A modified Kenworth truck demonstrating the maneuvering capabilities of ZF’s ReAX adaptive steering system.A modified Kenworth truck demonstrating the maneuvering capabilities of ZF’s ReAX adaptive steering system.

The core of ZF’s new ADAS features for commercial trucks is its ReAX adaptive steering system.

This electronic control system, planned for a 2020 release, works in concert with a hydraulic system to provide drivers with no-compromise steering that makes the truck easier to drive while reducing fatigue. While traveling at highway speeds, ReAX provides a steering feel that is more rigid and stable. However, at low speeds, the adaptive system is able to loosen up, making maneuvering through a yard or backing up to a trailer or dock much less fatiguing.

ZF says ReAX brings much of the feel and ease of operating a passenger car over to heavy trucks. (The company is also at work developing a fully electric power steering system for medium-duty trucks based on ReAX.)

For the new ADAS technology ZF is developing for lane keeping and lane changing, the company is tethering ReAX to information gathered about the truck’s environment through cameras and radar.

First up is OnTraX Lane Keeping Assist, which uses a front camera to see when the truck is nearing too close to the edges of the lane it is traveling in. When the truck drifts too far, the system gently turns the steering wheel back in the other direction to return the truck to the center of the lane.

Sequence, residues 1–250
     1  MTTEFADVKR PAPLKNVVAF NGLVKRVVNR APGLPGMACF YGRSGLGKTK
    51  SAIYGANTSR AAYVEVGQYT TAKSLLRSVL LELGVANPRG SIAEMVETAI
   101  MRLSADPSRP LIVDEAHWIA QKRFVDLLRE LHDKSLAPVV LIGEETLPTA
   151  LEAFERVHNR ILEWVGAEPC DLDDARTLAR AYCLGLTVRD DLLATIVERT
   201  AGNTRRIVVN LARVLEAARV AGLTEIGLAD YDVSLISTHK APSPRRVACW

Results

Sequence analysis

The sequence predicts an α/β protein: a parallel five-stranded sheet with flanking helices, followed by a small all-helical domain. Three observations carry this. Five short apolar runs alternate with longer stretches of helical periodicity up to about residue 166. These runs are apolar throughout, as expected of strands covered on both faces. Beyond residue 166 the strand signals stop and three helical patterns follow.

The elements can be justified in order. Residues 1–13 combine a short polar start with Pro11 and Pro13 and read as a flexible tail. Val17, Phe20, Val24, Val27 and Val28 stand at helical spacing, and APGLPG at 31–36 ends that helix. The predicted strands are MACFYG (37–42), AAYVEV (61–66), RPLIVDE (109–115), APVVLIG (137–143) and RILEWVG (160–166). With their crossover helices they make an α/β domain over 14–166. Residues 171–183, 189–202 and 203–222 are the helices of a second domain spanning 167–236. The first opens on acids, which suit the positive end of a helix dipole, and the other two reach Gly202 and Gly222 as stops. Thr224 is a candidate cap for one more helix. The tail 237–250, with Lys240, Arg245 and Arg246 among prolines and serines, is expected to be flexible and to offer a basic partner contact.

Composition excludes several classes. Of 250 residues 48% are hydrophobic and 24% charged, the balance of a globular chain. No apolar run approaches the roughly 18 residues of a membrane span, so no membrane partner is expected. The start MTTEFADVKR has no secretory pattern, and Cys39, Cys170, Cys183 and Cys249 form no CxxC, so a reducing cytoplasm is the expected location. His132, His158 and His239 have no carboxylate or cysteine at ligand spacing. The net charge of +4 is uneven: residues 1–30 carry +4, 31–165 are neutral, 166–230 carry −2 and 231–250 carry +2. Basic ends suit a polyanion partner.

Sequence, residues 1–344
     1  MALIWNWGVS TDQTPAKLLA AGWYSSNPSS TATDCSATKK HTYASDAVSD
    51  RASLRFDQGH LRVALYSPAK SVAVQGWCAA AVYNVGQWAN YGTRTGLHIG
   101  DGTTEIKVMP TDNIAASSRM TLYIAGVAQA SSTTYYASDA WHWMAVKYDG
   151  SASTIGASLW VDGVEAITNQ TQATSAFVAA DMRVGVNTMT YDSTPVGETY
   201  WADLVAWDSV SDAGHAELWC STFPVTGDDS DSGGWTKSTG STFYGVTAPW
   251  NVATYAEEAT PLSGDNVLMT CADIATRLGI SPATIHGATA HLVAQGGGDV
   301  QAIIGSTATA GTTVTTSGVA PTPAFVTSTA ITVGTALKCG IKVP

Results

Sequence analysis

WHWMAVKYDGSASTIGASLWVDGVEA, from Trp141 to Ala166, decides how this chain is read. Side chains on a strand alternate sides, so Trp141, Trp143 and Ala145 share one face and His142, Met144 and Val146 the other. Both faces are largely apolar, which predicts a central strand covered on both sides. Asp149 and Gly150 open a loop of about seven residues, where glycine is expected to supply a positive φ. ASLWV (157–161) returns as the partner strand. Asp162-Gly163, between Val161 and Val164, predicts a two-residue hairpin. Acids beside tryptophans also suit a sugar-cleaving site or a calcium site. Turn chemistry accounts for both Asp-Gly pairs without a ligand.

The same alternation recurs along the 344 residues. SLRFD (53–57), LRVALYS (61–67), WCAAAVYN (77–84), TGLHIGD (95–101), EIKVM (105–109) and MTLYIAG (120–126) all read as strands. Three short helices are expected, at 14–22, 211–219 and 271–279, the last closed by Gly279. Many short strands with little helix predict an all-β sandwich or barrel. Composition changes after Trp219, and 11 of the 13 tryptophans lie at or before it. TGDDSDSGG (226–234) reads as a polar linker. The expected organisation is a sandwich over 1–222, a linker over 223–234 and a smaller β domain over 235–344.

ZF calls this return to center a “hint or a suggestion,” and after a demo of the technology around a 7.5-mile test track in Columbus, Ohio, I would have to agree. To test out the feature, I brought a Class 8 truck to highway speed and tried to leave the lane without signaling. As the truck moved right and neared the lane boundary, the steering wheel slowly turned back to the left. It might sound like it would be a jarring sensation, but the smoothness of the ReAX system’s correction makes it feel more like the normal effects of power steering on a passenger car.

“This isn’t an autonomous type of system,” Williams says. “We’re not taking control away from the driver. We’re giving driver a no intervention zone around the center of lane. Only when approaching lane boundary do we give the suggestion the driver steer back.”

Of course, Lane Keep does not intervene when you are attempting to leave a lane while signaling. However, it will correct if you signal incorrectly, for instance, if you signal right but move left.

ZF’s lane change assist uses side-mounted radar to detect a vehicle in the truck’s blind spot before alerting the truck driver with a vibration in the steering wheel.ZF’s lane change assist uses side-mounted radar to detect a vehicle in the truck’s blind spot before alerting the truck driver with a vibration in the steering wheel.

Next is Lane Change Assist, which warns the driver if a vehicle is in his or her blind spot when attempting to change lanes. Once the turn signal is flipped, the system uses short range radar on the sides of the truck to look for any vehicles in the blind spot. If one is sensed, the steering wheel delivers a vibration to alert the driver.

In the demo, the vibration felt a bit like hitting speed strips. It was definitely a noticeable alert, but nothing over the top. However, it must be noted that despite giving the driver an alert, the system does not stop a driver from leaving the lane even if it senses an impedance in the blind spot. ZF says the decision of whether or not to leave the lane is still up to the driver.

ZF says Lane Keep Assist will be launched next year with the new ReAX system in partnership with an unnamed major OEM. There’s no release date on Lake Change Assist as ZF is still finalizing its radar system for production.